Former home lending giant Countrywide has settled with Colorado borrowers who fell victim to the company’s loose lending practices, according to Colorado Attorney General John Suthers.
The Calabasas, CA-based mortgage lender will provide roughly $6 million to eligible borrowers, including $500,000 to support the state’s foreclosure hotline.
Under the settlement, approximately 6,800 borrowers will benefit from some type of loan modification, in which mortgage rates may be lowered to as little as 3.5 percent for a period of five years; late fees and prepayment penalties will also be waived.
“Countrywide will help its borrowers who are in default or facing foreclosure save their homes through fast-track loan modification on subprime or option-ARM loans, resulting in reduced mortgage payments,” the release stated.
The lender has already begun contacting eligible borrowers, and has said it will provide a modification within 60 days of receiving income documentation. During that time, all foreclosure proceedings will be suspended.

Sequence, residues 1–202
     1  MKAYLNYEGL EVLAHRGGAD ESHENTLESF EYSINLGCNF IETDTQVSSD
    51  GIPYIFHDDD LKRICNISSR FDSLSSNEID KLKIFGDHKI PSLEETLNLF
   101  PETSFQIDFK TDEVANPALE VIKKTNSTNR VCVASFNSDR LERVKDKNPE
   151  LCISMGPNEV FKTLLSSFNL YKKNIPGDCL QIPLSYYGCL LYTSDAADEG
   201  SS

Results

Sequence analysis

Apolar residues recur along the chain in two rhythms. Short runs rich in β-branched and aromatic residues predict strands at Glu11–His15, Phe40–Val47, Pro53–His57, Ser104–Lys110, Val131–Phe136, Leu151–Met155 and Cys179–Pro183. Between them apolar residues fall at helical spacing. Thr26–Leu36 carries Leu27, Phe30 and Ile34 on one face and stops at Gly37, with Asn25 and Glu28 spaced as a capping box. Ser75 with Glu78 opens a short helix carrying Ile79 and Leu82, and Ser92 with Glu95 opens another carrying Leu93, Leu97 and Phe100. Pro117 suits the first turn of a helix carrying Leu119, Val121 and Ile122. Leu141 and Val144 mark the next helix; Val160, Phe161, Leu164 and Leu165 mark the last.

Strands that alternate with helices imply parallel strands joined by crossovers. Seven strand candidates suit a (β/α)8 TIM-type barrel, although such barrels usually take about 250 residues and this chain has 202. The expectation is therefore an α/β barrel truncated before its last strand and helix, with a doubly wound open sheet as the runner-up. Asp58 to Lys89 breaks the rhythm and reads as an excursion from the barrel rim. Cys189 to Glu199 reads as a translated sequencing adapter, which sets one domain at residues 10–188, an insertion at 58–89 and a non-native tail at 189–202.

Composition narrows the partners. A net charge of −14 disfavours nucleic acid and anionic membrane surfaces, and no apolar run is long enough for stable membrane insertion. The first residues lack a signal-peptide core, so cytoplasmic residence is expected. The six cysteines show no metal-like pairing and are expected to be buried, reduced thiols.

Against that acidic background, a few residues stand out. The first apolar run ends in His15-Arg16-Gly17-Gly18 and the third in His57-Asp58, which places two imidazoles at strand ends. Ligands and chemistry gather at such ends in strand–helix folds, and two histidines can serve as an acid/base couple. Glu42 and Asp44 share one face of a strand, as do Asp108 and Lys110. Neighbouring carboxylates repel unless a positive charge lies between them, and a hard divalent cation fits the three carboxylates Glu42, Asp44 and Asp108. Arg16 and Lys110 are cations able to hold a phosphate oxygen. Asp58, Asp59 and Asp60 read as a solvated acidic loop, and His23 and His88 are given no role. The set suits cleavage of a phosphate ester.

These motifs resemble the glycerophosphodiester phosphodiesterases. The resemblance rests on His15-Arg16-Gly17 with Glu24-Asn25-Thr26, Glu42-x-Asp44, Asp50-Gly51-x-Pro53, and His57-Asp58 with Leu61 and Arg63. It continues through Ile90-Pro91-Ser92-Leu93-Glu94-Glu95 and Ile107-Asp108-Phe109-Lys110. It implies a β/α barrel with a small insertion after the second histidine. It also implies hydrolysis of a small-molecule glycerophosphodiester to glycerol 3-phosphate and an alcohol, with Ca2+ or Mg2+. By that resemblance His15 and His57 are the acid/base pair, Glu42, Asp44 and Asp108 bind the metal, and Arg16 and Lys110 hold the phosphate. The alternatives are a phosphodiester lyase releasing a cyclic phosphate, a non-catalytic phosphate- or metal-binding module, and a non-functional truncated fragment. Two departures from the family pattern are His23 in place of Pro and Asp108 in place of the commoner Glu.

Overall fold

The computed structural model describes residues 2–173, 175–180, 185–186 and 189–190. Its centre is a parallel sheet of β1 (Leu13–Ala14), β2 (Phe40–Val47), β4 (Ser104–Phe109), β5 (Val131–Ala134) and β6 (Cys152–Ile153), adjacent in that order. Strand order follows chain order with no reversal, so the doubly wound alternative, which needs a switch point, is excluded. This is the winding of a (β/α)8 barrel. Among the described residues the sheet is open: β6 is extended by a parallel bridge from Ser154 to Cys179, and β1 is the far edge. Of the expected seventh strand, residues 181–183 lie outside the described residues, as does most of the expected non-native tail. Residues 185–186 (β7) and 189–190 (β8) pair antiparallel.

Those who don’t qualify for a loan mod or who previously lost their homes may be eligible to receive compensation.
“A fund of $1.2 million has been set up for relocation payments to eligible Colorado borrowers. A separate fund of approximately $4.4 million will be used to compensate approximately 1,180 Colorado homeowners who could only make six or fewer payments before they could no longer afford their loans.”
Countrywide has faced a series of lawsuits from a number of U.S. states, including California, Connecticut, Florida, Illinois, Indiana, and West Virginia, along with the city of San Diego.
In December, the company settled with North Carolina Office of the Commissioner of Banks, pledging $11.5 million in cash to overcharged borrowers.
Funnily enough, Countrywide has also been sued over its loan modification program by angry investors, seems they just can’t win.